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Moving ahead: City council takes steps for Sawnee Drive extension
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Crews are working to clear land for the new Sawnee Village mixed-use development between Dahlonega Highway and Pilgrim Mill Road. A road project to extend Sawnee Drive to Pilgrim Mill is being planned alongside the development. - photo by Kelly Whitmire

City of Cumming officials are moving ahead with a pair of land purchases for a road project planned to create a northern bypass around downtown.

At a meeting on Tuesday, Jan. 17, City Council members voted, after an executive session, to move forward with the purchase of a home at 201 Franklin Way for $272,000 and an adjacent lot for $77,000 for a project to extend Sawnee Drive from Hwy. 9 to Pilgrim Mill Road.

“The council approved for the city to pay appraised value [for the properties],” Cumming Mayor Troy Brumbalow later told the Forsyth County News. “There’s a house and a lot that have to be purchased for the road to go through there, so now it’s just a matter of either they can take the appraised value or if they don’t, then the city would have to do eminent domain, and they could challenge that. That’s how the process works.”

Brumbalow said the city had been working with both property owners for some time and doesn’t expect eminent domain to be used. He said the council vote was to make sure the purchase met deadlines for the road project.

“There has been good communication with the two different parcels,” he said. “It’s just the formality of authorizing the funds to pay for the properties.”

The plan for the road is to extend Sawnee Drive through Charles Place and Ann Avenue and through an upcoming development known as Sawnee Village to connect with Pilgrim Mill Road near the Episcopal Church of the Holy Spirit.

“Part of the road will be widening an existing city street, but then we come to a dead end, and we have to go through where this house is,” Brumbalow said. “Then, the rest of the road is on the developer’s property to get over to Pilgrim Mill by the Episcopal church.”

Brumbalow said the long-term goal is to have the road expanded to four lanes and the project would be a way for drivers and commercial trucks to avoid the downtown square if needed.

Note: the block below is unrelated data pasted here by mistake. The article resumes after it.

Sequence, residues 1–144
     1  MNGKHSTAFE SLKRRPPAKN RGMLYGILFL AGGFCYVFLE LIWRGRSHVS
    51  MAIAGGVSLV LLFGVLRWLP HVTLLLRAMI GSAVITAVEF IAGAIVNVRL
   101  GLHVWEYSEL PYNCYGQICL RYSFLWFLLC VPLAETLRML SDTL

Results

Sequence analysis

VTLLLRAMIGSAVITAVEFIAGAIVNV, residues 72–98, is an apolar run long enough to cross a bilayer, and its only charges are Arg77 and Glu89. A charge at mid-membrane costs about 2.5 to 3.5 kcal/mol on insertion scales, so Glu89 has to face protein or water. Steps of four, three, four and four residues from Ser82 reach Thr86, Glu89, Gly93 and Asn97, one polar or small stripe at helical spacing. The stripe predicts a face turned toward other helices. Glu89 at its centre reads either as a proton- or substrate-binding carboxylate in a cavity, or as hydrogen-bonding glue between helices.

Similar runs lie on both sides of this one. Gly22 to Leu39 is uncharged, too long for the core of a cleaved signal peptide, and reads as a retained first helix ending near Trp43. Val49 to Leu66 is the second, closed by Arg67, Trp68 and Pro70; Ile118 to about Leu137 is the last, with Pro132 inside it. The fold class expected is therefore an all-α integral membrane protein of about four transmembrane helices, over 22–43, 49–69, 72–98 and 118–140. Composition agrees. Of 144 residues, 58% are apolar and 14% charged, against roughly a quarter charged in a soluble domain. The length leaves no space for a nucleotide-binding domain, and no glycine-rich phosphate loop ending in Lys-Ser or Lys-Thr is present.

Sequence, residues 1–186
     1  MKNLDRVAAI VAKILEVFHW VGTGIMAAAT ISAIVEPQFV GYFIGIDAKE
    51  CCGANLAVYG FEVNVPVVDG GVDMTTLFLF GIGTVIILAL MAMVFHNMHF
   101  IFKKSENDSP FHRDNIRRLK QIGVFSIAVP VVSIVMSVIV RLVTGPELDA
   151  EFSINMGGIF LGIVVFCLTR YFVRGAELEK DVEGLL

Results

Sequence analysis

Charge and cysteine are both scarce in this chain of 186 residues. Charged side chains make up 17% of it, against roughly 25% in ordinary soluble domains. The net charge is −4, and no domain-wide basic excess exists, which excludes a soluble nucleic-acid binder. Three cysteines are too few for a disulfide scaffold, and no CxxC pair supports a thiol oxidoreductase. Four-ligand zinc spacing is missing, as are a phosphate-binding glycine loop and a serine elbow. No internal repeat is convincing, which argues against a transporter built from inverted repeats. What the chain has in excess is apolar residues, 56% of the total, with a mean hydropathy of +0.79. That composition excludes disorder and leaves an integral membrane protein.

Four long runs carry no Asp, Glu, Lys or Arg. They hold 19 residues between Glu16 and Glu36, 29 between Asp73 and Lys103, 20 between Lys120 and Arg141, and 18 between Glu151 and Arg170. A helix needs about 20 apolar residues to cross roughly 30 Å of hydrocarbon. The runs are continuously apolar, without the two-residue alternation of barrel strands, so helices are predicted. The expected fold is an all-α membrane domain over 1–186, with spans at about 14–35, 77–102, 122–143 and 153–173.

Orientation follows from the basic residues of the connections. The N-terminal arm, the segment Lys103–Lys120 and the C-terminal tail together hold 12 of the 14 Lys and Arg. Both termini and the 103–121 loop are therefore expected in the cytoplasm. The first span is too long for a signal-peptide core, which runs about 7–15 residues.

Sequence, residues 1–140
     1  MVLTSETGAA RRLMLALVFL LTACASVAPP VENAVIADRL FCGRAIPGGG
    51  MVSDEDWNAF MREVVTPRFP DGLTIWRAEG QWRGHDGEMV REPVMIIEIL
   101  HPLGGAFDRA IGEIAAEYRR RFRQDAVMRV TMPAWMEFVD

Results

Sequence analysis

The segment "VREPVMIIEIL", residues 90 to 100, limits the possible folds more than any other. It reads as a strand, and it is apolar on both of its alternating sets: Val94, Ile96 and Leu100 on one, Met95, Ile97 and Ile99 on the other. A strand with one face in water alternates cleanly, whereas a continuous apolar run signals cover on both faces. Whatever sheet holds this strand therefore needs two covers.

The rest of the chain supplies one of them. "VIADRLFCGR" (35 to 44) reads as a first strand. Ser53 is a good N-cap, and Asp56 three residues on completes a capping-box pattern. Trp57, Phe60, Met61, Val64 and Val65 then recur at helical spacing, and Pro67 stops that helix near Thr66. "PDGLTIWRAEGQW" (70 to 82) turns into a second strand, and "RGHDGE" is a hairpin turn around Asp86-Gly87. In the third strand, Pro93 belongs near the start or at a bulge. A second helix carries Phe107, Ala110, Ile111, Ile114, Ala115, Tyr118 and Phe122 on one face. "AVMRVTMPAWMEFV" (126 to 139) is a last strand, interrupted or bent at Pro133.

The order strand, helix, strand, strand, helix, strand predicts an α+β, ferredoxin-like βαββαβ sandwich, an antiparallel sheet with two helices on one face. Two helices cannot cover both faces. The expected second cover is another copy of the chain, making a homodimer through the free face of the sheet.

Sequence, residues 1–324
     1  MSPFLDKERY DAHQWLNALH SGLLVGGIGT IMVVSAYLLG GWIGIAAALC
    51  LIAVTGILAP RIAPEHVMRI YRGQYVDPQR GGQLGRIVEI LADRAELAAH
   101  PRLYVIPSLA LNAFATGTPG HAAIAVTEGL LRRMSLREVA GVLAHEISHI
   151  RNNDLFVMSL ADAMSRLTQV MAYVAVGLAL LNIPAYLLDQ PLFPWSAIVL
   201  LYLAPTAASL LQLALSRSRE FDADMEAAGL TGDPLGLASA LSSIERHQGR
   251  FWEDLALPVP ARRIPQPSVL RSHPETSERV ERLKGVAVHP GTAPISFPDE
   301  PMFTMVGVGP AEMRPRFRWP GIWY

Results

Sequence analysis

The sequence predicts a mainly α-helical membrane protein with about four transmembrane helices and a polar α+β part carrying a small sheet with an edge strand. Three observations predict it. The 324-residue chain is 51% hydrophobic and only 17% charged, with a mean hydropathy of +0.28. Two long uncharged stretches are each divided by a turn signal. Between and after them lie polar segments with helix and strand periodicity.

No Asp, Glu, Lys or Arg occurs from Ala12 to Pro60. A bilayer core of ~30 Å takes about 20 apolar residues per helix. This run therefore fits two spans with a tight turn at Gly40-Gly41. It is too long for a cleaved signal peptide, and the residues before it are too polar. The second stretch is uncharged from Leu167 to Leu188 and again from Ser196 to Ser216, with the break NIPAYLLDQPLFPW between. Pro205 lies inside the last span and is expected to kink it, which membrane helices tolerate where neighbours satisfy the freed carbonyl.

He said another project to connect new extensions of Buford Dam Road and Industrial Park Drive with a new traffic signal on Veterans Memorial Boulevard was also moving ahead and could also help some drivers bypass the city from the south side.

While the road is going through Sawnee Village, a planned residential and commercial development on more than 150 acres between Dahlonega Highway and Pilgrim Mill Road, Brumbalow said it will be open to all drivers and will not have a big impact on the development.

“This road, honestly, has zero impact on this development. Their entrances are off the existing part of Pilgrim Mill and Hwy. 9,” he said. “They have a small section that would enter from this new road, but that’s a very, very small part of the project.”

Under an agreement between the city and the developer of the project, The Providence Group, the development will pay all road impact fees – or fees paid by developers for increased use of roads – upfront rather than over several years, which will be used to fund the Sawnee Drive extension.

“Normally, you pay the impact fee when you buy the building permit, well, when this one was rezoned, they agreed to pay all of their impact fees upfront, so the city wasn’t coming out of pocket to build the road,” Brumbalow said. “They’re paying it all upfront instead of paying over a four- or five-year period.”

Brumbalow said that since the project is still in its early stages, the cost and timeline for the project have not been determined.